Yes, there are moves you can make to reduce your taxable income. But the year is quickly coming to a close, so plan accordingly.
Tax loss harvesting. If you own stock outside a tax-deferred retirement plan, you can sell your under-performing stocks by December 31 and use these losses to reduce any taxable capital gains. If your net capital losses exceed your gains, you can net up to $3,000 against other income such as wages. Losses over $3,000 can be used in future years. Be aware that if you sell a stock at a loss, and then rebuy or acquire the same stock within 30 days of the sale, the loss will not be allowed in the current year, thus defeating the purpose of the sale. Read the article from our sister company, Johnson Bixby, on a more thorough breakdown of how tax loss harvesting works on their blog, Planning Matters
Max out pre-tax retirement savings. The deadline to contribute to a 401(k) plan for a 2022 taxable income reduction is December 31. So, if your employer’s plan allows it, consider making a last-minute lump sum contribution. For 2022, you can contribute up to $20,500 to a 401(k), plus another $6,500 if you’re age 50 or older. Even better, you have until April 18, 2023, to contribute up to $6,000 into a traditional IRA. And as long as your income does not exceed phaseout limits, you can reduce your taxable income on your 2022 tax return.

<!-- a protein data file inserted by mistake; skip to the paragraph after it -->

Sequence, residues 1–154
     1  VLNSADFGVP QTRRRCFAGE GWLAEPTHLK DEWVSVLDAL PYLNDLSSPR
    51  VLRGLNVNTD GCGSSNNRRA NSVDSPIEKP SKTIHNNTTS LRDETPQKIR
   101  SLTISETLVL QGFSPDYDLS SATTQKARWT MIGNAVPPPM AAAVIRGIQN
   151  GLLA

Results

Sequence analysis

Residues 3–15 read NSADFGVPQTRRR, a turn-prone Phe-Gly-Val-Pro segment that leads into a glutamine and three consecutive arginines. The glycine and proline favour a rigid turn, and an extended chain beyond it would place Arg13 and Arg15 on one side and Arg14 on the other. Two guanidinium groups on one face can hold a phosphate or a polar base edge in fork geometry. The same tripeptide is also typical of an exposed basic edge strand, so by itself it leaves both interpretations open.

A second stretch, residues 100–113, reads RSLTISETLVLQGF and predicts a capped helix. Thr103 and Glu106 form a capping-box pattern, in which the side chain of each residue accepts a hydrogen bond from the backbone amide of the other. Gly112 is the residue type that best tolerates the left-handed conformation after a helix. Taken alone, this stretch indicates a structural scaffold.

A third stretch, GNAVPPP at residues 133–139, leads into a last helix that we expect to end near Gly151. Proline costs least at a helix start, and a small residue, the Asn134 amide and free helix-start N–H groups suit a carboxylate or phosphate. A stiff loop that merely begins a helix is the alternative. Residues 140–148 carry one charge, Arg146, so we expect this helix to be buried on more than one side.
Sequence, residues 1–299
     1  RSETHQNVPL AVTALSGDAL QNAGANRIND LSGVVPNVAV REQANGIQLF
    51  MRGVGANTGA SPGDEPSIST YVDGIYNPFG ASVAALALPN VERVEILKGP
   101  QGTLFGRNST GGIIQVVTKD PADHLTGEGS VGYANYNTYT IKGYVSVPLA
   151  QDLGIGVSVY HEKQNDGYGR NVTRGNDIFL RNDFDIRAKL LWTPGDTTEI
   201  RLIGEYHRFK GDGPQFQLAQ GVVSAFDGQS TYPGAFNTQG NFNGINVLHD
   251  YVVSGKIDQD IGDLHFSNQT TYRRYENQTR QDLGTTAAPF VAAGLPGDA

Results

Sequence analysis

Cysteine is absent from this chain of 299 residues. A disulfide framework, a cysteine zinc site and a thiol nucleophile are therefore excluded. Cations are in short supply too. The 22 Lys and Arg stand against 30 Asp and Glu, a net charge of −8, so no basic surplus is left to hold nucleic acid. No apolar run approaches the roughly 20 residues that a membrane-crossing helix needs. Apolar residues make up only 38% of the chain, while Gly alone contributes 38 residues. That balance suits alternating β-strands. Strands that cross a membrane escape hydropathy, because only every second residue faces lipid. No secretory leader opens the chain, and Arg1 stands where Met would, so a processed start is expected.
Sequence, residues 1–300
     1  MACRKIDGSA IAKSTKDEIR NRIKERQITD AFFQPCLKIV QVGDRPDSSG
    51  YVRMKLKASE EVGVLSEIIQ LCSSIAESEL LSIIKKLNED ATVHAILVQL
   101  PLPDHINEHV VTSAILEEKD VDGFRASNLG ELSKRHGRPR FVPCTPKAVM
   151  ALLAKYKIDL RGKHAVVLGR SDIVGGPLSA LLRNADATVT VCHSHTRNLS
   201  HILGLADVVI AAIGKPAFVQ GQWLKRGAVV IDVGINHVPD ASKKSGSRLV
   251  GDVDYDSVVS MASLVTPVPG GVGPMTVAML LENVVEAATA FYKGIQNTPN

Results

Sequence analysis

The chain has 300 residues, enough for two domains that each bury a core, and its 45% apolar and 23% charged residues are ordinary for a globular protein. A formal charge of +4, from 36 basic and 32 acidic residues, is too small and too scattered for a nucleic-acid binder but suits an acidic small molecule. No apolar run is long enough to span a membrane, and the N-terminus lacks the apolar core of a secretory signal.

Bunch deductions so you can itemize. If your personal deductions are near the following standard deduction amounts for 2022: $12,950 for singles, $19,400 for head of household, and $25,900 for married filing joint, consider bringing some of 2023’s spending into 2022 so you can itemize this year. For most, the easiest way is to do this is to make 2023’s planned charitable contributions before the end of 2022. You can also include gifts of appreciated stock where you get to deduct the fair market value without paying capital gains tax.
Review health spending accounts. If you participate in a Health Savings Account (HSA), try to maximize your annual contribution to reduce your taxable income. Remember, these funds allow you to pay for qualified health expenses with pre-tax dollars. More importantly, unlike Flexible Spending Accounts (FSA), you can carry over all unused funds into future years. If you do have an FSA, you can carry forward a maximum of $570 from 2022 into 2023. The deadline for contributing to your Health Savings Account (HSA) and still getting a deduction for the 2022 tax year is April 18, 2023. The maximum contribution for 2022 is $3,650 if single and $7,300 for married couples.